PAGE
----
The Maritime Aquarium strongly encourages you to be a supporter of sustainable seafoods, and – along those lines – there was an interesting addition to the latest Seafood Watch consumer guide for the Northeast.
The Seafood Watch guides are handy little pocket guides produced as part of a program conducted by the Monterey Bay Aquarium aimed at helping consumers and businesses make choices for healthy oceans. By monitoring species populations as well as how fisheries operate, Seafood Watch recommends which seafood products are “Best Choices,” “Good Alternatives” and which you should “Avoid.”
(The Maritime Aquarium is a partner in Seafood Watch.)
Seafood Watch updates its pocket guides twice a year. In the recently released Jan.-June 2015 guide for the Northeast, a seafood item has newly appeared: farmed seaweed.
It’s a “Best Choice.”
A highly nutritious sustainable food source, seaweeds have long been a staple in Asia but only lately are finding their way into restaurants and menus in America. (Actually, we’ve been eating it for years, as seaweed extracts are key ingredients in everything from ice cream, evaporated milk, fruit and cereal bars, pastries, cakes, chocolate powder and countless other products.)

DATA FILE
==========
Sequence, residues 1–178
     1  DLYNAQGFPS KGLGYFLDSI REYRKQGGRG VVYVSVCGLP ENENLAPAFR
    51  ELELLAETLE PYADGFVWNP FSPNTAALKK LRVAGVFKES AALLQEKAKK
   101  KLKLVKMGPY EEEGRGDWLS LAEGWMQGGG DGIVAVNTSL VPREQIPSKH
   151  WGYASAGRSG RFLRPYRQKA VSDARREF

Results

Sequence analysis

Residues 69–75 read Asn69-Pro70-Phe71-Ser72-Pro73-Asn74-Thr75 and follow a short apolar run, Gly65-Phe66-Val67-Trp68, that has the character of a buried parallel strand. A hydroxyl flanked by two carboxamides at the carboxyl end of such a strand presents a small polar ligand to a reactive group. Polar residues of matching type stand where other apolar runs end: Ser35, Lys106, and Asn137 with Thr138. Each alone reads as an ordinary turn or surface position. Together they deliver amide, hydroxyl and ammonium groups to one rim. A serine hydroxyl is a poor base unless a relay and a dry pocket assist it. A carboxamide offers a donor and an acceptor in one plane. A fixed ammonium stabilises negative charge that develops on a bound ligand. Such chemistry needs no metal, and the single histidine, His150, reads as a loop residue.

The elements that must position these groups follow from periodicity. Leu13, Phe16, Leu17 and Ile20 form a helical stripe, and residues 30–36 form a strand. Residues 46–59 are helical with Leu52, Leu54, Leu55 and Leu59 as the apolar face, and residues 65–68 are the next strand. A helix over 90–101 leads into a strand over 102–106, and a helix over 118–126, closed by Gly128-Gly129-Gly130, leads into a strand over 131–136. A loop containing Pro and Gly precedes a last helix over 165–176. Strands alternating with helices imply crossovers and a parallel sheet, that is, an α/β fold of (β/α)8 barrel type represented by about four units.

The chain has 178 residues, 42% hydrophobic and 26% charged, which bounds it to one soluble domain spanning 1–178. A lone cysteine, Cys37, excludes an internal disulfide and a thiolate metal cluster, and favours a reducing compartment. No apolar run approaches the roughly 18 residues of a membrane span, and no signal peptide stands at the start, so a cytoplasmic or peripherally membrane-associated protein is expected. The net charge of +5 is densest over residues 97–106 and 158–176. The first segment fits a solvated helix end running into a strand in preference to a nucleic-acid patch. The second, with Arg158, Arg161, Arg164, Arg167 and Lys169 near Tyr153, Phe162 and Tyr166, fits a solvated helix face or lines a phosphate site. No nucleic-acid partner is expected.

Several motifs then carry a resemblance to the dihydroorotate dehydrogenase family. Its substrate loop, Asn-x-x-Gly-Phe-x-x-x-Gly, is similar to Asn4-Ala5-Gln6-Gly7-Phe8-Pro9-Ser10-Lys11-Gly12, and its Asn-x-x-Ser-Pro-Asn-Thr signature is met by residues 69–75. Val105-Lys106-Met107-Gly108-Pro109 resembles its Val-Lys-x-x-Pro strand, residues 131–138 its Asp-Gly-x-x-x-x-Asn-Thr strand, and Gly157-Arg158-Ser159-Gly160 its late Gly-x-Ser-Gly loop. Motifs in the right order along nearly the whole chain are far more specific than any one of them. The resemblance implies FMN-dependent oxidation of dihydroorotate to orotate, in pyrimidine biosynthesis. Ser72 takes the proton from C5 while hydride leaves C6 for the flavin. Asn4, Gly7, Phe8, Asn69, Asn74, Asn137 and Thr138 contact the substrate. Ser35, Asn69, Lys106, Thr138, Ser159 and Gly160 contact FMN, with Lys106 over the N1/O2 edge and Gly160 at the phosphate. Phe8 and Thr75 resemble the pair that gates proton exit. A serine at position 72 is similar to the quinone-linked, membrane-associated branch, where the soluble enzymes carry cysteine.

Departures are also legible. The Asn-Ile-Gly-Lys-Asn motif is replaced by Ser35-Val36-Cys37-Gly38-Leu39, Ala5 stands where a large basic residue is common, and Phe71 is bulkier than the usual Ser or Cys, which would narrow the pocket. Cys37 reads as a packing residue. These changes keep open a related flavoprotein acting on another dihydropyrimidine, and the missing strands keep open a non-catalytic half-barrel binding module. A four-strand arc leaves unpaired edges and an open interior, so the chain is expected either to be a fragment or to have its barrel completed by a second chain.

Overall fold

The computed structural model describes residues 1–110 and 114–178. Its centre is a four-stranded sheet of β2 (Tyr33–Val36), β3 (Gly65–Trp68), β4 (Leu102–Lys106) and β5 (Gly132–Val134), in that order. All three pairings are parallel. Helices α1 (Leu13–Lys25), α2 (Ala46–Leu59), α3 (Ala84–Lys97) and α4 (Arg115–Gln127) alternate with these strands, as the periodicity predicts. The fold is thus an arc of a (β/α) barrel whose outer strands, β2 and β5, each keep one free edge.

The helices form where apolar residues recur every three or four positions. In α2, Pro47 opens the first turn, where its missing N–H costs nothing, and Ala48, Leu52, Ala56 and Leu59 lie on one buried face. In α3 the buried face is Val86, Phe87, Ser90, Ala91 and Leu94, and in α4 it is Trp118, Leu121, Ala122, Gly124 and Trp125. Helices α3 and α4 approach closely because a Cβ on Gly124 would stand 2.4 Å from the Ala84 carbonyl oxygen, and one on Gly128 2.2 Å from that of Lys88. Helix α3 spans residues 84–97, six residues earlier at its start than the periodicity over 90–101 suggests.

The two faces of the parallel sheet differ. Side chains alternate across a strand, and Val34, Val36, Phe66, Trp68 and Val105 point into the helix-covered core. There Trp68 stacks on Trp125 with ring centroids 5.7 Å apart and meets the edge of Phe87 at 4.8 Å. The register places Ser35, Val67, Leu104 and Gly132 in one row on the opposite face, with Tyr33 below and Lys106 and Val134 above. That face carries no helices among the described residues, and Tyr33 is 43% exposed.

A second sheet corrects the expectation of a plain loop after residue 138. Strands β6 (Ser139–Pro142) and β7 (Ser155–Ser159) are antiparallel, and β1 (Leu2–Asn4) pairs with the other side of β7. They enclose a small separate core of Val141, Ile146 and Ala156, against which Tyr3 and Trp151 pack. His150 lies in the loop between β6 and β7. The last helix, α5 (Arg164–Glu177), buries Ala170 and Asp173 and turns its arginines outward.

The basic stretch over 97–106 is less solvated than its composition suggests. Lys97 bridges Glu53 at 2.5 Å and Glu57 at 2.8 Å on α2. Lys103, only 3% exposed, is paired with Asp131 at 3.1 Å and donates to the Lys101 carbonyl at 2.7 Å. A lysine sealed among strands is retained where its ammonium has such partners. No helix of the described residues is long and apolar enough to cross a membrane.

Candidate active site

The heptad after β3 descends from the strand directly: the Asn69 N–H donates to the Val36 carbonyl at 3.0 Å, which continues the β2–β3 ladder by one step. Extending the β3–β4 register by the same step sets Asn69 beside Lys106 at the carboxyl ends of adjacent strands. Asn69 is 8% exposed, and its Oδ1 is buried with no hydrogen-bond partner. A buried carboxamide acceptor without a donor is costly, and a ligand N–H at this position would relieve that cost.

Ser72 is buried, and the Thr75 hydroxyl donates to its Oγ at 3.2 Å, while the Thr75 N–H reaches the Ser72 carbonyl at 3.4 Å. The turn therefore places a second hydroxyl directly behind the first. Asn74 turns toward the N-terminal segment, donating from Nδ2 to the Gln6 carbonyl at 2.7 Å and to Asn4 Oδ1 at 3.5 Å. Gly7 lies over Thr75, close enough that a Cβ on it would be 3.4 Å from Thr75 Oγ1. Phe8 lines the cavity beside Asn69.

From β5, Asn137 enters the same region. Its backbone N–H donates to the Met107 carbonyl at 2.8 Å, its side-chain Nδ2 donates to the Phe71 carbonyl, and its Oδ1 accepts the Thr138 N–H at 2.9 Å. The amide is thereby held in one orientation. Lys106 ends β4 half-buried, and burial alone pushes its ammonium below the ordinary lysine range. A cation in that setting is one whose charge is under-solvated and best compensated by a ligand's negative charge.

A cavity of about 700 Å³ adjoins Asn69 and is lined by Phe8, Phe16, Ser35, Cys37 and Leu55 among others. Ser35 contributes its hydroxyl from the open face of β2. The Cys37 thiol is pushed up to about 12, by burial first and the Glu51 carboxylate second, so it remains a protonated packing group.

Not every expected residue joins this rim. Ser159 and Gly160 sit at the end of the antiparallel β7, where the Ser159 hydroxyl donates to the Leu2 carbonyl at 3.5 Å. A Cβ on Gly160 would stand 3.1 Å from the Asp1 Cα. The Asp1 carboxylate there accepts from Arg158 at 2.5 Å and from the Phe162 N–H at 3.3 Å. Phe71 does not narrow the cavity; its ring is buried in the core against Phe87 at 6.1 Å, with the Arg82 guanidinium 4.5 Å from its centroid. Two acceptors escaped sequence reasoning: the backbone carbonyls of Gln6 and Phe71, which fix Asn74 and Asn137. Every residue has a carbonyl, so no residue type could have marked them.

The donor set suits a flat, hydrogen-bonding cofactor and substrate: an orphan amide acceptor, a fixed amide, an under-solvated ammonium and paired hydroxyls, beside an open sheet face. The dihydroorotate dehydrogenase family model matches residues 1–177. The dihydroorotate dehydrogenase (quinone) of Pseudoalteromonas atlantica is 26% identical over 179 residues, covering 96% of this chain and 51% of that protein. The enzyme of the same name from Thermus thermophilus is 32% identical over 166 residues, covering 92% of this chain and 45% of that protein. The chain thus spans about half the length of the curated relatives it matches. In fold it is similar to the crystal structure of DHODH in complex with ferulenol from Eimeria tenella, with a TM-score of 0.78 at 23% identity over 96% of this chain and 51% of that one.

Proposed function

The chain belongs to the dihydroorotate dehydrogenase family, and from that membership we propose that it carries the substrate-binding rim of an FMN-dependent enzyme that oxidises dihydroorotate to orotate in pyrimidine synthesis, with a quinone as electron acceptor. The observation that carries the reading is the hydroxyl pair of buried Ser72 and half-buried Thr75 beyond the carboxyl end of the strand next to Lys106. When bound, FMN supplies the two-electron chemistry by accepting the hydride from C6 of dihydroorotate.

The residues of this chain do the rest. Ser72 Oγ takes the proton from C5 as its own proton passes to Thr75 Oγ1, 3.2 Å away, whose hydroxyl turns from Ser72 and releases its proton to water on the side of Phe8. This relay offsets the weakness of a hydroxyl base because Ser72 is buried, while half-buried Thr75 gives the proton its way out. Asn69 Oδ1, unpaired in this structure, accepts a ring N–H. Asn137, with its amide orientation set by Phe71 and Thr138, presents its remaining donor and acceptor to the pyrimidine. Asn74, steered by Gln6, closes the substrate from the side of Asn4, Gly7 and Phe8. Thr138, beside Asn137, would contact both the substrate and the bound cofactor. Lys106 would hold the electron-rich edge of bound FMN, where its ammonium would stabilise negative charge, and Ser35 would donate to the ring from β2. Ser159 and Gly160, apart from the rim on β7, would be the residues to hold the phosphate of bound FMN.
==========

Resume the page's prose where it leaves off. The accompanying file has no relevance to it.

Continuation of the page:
Proponents of seaweed farming say that – aside from bringing a “sea vegetable” to a growing market – seaweed aquaculture can improve water quality by removing nitrogen and creating good marine habitat. Bigger picture, they say, seaweed aquaculture can create jobs and reduce our national seafood trade deficit.
Of course, one of the biggest proponents of seaweed aquaculture in Long Island Sound is longtime good friend of The Maritime Aquarium, UConn’s Dr. Charlie Yarish. (Here’s a story on Charlie.)
Seafood Watch says seaweed farming “has very few environmental impacts” and “is regarded as a highly sustainable practice, which makes it an excellent industry for expansion.”
So, with Seafood Watch’s blessings, eat your seaweed!
Keep track of what other seafoods to eat – and those to avoid – by picking up a Seafood Watch pocket guide in The Maritime Aquarium’s Cascade Café or in our “Go Fish” exhibit. Or download one here. (And get apps for your Android and iPhone too at www.SeafoodWatch.org.)
– Dave Sigworth, Maritime Aquarium publicist
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